Mark Stephens Mark has been working with Java and PDF since 1999 and is a big NetBeans fan. He enjoys speaking at conferences. He has an MA in Medieval History and a passion for reading.

How to read ‘JPEG’ data inside a PDF in Java

1 min read

JPG icon

How is the data stored?

Pdf files contain compressed raw image data. This file is sometimes equivalent to a JPEG file so if you can extract the raw data and save it as a file with a filetype .jpeg, it will open as a JPEG.

Sometimes is the key word here because you may well need to interpet the data using colour information in the PDF file. For example, the actual data may be encoded Gray or DeviceRGB data (in which case it will look correct when you open the JPEG. But it may need some additional details (such as indexed colours) or be YCCK, in which case you will see the image but the colours will be wrong.

Although it cannot always make sense of these JPEG data (because the colour detail is not in the PDF, you can still use Java to open and access the pixel data in Java using ImageIO. The actual pixel data is stored in a Raster object.

So if you want to recreate the image you will need to get the pixel data and ‘merge’ it with the colour data. Here is how you can read the actual pixel data in Java. Even if Java does not understand the colours, it can access the actual pixels themselves.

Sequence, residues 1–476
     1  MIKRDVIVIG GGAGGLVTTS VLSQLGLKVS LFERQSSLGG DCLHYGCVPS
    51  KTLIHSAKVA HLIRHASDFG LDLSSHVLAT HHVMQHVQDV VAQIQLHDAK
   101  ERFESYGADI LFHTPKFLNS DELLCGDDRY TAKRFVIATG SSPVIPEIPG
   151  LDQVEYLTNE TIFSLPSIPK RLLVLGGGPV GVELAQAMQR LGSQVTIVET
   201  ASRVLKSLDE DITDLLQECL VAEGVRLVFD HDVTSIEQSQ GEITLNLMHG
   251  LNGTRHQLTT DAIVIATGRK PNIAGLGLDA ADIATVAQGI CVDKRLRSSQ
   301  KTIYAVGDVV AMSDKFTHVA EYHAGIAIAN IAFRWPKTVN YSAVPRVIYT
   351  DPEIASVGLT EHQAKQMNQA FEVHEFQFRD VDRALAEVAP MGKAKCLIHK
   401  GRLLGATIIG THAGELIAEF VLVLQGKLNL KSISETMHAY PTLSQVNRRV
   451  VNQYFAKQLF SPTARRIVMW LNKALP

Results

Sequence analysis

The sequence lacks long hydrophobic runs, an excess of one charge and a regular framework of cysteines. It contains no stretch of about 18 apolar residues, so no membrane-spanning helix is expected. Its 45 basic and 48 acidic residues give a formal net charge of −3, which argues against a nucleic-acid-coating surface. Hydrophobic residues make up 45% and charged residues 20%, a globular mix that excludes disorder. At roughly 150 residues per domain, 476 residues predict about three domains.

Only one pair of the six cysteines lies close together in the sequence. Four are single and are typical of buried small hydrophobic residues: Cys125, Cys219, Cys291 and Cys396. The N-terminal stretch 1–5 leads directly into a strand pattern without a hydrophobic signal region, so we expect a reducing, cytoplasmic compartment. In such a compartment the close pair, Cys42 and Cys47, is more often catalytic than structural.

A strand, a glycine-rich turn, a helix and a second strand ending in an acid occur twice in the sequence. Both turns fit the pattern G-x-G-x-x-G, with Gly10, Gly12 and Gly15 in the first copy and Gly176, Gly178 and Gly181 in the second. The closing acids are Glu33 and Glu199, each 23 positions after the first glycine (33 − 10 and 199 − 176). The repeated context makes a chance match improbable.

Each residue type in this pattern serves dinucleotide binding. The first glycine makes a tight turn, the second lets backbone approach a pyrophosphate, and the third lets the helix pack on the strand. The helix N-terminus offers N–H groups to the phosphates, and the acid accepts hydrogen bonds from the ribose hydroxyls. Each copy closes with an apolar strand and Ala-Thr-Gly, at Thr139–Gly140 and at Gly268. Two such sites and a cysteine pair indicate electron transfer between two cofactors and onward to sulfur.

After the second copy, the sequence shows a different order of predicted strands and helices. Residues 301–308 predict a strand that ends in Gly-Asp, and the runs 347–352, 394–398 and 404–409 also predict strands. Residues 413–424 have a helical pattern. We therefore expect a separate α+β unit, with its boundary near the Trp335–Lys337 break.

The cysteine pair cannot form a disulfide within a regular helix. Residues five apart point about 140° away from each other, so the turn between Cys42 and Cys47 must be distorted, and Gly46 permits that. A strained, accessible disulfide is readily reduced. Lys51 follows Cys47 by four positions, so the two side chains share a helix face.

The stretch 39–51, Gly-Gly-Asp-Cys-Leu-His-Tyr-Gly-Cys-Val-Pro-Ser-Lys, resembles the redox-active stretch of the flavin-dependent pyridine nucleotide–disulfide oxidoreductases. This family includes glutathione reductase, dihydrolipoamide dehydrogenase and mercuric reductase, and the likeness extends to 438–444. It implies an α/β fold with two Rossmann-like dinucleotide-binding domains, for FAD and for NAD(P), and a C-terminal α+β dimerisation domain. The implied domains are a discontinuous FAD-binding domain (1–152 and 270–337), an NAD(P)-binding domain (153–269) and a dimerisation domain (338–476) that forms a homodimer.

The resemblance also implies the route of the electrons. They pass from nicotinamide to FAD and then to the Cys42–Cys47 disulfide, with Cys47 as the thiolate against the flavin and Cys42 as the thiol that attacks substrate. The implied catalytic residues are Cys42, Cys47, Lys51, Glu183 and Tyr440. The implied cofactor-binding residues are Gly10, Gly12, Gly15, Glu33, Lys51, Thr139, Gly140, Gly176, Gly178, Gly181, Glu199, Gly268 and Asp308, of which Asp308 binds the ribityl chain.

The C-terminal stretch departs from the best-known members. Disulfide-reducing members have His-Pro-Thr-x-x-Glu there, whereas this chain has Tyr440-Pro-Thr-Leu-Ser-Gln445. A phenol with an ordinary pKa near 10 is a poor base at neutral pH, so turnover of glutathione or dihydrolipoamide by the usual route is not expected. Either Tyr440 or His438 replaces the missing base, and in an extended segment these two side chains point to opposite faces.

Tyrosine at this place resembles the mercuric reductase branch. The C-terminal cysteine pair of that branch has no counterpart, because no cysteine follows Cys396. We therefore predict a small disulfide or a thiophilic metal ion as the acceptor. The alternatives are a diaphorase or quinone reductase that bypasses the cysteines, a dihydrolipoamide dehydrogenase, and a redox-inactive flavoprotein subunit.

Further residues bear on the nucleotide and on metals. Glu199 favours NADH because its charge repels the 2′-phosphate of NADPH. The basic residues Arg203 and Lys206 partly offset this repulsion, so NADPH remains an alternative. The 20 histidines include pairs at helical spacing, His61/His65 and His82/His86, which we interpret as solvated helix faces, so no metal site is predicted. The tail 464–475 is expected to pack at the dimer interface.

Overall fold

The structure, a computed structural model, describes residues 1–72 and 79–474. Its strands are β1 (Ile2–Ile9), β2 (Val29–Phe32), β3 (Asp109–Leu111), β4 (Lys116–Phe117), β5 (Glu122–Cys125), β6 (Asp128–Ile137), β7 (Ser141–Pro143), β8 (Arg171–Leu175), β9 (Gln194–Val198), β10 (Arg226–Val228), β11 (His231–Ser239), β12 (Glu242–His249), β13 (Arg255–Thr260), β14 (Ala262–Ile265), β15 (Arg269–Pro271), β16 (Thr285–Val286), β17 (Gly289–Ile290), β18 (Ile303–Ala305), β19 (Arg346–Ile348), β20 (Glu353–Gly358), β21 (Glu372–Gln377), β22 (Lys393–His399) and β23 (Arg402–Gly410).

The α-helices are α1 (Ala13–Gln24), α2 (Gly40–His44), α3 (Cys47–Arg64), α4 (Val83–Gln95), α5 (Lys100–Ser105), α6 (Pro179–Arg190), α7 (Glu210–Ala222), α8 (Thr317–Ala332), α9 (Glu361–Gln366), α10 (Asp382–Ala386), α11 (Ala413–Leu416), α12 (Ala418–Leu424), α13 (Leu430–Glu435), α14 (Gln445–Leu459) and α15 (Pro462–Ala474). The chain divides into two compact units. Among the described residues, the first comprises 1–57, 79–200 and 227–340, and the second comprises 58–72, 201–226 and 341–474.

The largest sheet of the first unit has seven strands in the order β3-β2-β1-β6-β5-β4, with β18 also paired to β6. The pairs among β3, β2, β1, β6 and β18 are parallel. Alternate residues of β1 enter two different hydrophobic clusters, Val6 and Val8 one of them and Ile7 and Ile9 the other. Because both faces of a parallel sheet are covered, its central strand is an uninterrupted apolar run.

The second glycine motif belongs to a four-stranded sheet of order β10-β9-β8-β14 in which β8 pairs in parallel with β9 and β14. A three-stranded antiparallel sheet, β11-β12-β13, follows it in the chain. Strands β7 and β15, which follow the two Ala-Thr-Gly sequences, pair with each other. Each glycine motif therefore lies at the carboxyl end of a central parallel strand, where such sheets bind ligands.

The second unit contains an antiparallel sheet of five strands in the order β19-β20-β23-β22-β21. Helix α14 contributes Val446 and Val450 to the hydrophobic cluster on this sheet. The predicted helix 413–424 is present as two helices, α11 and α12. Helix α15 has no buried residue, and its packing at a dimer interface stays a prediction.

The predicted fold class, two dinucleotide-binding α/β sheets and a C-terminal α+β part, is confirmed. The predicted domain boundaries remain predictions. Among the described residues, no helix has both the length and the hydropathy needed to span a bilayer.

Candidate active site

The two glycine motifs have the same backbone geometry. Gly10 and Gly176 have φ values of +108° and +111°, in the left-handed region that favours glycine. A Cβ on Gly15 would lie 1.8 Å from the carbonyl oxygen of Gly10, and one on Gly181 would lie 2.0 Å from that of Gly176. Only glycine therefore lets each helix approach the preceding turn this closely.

Step 1 Read the JPEG data

//read the image data - data is a byte[] containing the data
in = new ByteArrayInputStream(data);
 
//choose JPEG decoder
Iterator iterator = ImageIO.getImageReadersByFormatName("JPEG");
 
while (iterator.hasNext())
{
Object o = iterator.next();
iir = (ImageReader) o;
if (iir.canReadRaster())
break;
}
 
ImageIO.setUseCache(false);
iin = ImageIO.createImageInputStream((in));
iir.setInput(iin, true);

Step 2 Read the pixels

//this is the actual pixel data
Raster ras=iir.readRaster(0, null);

Are you working with JPEG Images in Java?

You might like to check out our JDeli image library. It offers lots of advantages over ImageIO and free alternatives such as:-

  • prevent heap related JVM crashes
  • support for additional image formats such as Heic
  • reduce output file size
  • improve read/write performance
  • create smaller files
  • control over output
  • support threading
  • superior image scaling algorithms

Would you like to learn more about PDF files?

This post is part of our “Understanding the PDF File Format” series. In each article, we discuss a PDF feature, bug, gotcha or tip. If you wish to learn more about PDF, we have 20 years worth of PDF knowledge and tips, so click here to visit our series index!



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Mark Stephens Mark has been working with Java and PDF since 1999 and is a big NetBeans fan. He enjoys speaking at conferences. He has an MA in Medieval History and a passion for reading.

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